US women fall to Japan in penalties in WWC final
The last time the United States women’s national team reached the final of the Women’s World Cup, in 1999, they faced an Asian powerhouse and won in penalties.
This time, it was not to be.
Despite dominating the match and taking the lead twice, the USA could not put the Japanese away. The match finished 2-2, and the Japanese won the trophy after three Americans missed their penalty kicks.
Alex Morgan scored in the 69th minute to give the US their first lead, before Aya Miyama equalized in the 81st minute.
In added time, Abby Wambach headed in a cross from Morgan in the 104th minute to give the US the second lead of the night. But with just three minutes to play, Japan captain Homare Sawa flicked a corner kick in to tie the game again and force penalties.
In the shootout, the first three American shooters, Shannon Boxx, Carli Lloyd, and Tobin Heath failed to convert from the spot. Boxx’s and Heath’s shots were saved by Japanese goalkeeper Ayumi Kaihori. Wambach, the 4th US shooter, put hers away, but it was not enough.
The Japanese finished three of their four penalties – US keeper Hope Solo saved the second Japanese penalty by Yuki Nagasato – to seal the victory and become the first Asian team to win either the women's or men's World Cup.
Sawa, who played in her 5th World Cup, won the Golden Boot as the tournament’s leading scorer and was awarded the Golden Ball as the tournament’s outstanding player.
Solo was named top keeper at the tournament.
For the most part, the USA outplayed their opponents on the day, particularly during the first 45 minutes, when Lauren Cheney, the regular left midfielder who started at forward in place of Amy Rodriguez, marauded in the attack.
In the first minute, Cheney announced her intentions when she snuck around the left side and forced Kaihori into a save at the near post. In the 12th minute, Cheney cut in on the right side and angled a cross back to Megan Rapinoe, who chopped her one-timer just outside the post.
Rapinoe again got into a good position in the 18th minute. Cheney played her into the box on the left side, but her shot ricocheted off the outside of the post.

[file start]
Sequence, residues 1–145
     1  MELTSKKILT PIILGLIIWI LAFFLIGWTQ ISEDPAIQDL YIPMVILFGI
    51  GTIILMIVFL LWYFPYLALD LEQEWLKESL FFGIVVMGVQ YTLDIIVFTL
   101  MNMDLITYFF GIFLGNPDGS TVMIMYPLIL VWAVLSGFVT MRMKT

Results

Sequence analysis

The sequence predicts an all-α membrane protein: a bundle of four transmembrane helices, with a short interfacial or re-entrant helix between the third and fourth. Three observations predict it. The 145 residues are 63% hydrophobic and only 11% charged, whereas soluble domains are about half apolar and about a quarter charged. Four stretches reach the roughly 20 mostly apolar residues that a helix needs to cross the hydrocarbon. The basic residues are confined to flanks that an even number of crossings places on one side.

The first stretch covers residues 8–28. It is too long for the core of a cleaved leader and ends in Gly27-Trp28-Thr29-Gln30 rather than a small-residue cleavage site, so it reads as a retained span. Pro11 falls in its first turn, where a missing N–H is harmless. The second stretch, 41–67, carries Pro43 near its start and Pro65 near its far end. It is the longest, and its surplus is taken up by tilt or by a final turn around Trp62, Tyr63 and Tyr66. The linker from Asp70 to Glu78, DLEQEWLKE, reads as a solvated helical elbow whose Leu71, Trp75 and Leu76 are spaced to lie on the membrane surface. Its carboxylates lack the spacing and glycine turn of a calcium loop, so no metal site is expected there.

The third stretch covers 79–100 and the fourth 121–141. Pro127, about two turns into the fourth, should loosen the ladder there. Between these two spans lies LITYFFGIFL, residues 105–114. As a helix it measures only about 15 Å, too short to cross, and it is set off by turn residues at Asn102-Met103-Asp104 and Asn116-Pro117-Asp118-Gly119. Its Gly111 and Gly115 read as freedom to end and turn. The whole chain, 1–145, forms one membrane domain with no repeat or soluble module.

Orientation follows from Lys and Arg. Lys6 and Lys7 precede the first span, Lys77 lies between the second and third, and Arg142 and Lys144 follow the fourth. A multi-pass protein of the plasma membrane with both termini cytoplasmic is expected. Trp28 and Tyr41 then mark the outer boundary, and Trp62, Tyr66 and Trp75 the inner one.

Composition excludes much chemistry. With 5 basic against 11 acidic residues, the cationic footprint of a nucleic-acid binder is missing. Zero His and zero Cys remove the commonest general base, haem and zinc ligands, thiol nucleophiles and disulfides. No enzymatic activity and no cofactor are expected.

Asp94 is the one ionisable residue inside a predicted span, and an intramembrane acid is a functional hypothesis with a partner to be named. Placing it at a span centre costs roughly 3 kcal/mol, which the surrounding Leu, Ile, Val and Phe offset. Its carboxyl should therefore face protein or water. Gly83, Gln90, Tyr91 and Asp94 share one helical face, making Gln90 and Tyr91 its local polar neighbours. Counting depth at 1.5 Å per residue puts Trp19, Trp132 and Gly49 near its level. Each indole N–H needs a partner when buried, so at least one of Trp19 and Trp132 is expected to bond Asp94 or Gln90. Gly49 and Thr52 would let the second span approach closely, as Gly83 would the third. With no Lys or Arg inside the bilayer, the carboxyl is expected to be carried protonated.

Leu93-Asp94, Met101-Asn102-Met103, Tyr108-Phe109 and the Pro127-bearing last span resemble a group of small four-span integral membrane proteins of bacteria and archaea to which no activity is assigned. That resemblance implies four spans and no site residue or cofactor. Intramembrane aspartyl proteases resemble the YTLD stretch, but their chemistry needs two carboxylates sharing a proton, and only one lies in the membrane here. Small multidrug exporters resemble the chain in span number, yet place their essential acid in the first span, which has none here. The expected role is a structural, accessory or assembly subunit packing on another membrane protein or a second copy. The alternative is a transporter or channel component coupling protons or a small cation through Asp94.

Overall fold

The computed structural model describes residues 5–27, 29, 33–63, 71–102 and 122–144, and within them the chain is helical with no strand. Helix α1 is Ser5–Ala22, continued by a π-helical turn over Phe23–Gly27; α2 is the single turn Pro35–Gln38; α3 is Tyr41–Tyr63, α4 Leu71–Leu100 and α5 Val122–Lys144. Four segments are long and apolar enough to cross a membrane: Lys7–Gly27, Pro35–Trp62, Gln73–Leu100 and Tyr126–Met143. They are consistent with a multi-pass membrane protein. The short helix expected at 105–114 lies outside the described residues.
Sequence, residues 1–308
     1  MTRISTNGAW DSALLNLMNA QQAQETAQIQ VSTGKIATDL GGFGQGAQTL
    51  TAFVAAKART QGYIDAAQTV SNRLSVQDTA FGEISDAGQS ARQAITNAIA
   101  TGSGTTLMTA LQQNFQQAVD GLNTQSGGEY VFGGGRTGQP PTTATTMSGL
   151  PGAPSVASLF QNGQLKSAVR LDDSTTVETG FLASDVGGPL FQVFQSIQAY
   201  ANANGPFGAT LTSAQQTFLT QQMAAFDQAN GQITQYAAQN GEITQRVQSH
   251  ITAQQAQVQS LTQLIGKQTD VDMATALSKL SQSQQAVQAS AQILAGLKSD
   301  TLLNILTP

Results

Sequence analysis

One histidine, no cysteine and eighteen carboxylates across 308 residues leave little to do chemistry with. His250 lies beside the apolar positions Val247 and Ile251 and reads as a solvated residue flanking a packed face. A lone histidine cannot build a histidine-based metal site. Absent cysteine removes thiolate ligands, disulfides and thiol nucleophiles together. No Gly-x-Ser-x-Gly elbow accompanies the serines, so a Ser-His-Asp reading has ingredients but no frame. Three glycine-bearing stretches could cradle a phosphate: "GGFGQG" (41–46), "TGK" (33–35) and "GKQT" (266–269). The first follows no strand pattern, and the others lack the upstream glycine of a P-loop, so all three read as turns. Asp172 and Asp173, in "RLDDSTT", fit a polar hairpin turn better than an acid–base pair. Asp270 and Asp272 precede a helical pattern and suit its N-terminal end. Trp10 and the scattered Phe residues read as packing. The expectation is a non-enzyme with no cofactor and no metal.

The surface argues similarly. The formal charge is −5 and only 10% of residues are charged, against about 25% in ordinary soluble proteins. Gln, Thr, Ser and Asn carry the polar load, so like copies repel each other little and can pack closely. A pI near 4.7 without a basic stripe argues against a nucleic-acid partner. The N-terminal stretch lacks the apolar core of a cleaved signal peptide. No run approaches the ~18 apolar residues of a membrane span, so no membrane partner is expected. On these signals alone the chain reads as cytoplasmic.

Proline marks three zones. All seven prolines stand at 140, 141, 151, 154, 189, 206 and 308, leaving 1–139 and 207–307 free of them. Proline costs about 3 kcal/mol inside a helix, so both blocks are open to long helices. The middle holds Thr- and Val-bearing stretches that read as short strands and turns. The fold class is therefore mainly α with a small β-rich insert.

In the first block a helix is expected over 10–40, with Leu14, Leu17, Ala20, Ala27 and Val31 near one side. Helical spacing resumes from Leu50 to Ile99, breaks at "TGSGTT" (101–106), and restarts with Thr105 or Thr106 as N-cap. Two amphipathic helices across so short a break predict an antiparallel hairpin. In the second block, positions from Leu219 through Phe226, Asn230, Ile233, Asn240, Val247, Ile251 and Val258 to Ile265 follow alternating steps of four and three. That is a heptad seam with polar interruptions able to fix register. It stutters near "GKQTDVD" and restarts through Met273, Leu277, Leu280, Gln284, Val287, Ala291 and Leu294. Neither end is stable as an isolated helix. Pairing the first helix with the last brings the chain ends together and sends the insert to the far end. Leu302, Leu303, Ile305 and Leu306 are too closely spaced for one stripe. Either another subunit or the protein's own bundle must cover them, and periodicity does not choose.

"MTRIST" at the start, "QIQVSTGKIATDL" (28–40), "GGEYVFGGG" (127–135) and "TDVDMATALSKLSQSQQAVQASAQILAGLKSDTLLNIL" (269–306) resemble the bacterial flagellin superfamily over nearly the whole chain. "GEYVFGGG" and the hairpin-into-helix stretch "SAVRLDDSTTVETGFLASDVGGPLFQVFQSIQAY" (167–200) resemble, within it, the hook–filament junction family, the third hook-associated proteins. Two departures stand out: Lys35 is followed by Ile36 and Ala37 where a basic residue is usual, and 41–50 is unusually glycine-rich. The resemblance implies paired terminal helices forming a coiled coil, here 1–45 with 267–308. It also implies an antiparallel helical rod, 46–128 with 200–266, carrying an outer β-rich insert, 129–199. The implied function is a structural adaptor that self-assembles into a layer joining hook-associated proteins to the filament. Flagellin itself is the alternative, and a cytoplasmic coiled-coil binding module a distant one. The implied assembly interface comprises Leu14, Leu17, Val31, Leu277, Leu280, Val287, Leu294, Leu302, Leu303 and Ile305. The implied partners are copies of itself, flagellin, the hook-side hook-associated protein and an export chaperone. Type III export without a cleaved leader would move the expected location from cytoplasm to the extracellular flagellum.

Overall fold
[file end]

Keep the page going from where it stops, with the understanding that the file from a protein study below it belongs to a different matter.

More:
The woodwork saved Japan again in the 29th minute, when Abby Wambach’s left-footed shot banged off the crossbar.
Morgan came on for Cheney at halftime when the latter was unable to continue due to an injury to her foot. Within minutes, Morgan showed her threat, redirecting a cross from Heather O’Reilly off the post.
In the 62nd minute, Japan finally made their first dangerous incursion into the US area. Sawa lifted a ball over the top to overlapping right back Yuraki Kinga, but her running volley flew high.
Wambach came close again on a header two minutes later, forcing Kaihori to tip the ball up and over.
All the close calls finally led to Morgan's 69th-minute opener. The 22-year-old drilled a left-footed shot into the lower right corner after collecting a long ball over the top from Megan Rapinoe.
But just when it seemed like the Americans would see out the game for a 1-0 triumph, Miyama capitalized on a defensive error. A cross from the right side bounced dangerously in the US area. Rachel Buehler, sprawling on the ground, made a first attempt to clear, but the ball came to her teammate Kreiger, who mis-hit her own clearance straight to Miyama. The midfielder took one touch and flicked a shot past a helpless Solo.
The USA dominated the extratime, seeing good chances in the 92nd minute from Wambach and in the 95th from Morgan. But it wasn't until the 104th that they retook the lead. Morgan powered her way past a defender and drove into the Japanese area on the left side. With half a step of space, she drove a cross into the middle, where Wambach was waiting to head it home.
Again, the game seemed to be won. But the Japanese continued their patient movements, and after winning a corner kick, Sawa made the USA pay for some slack marking. Again, it was Buehler at the center of the action, beaten to the near post by the Japanese playmaker, and swept the ball into the goal with the outside of her foot.
Wambach should've put an exclamation point on the game in the 120th minute when she got on the end of an O’Reilly cross, but the veteran striker skyed her onetime shot, dooming both sides to the dreaded shootout.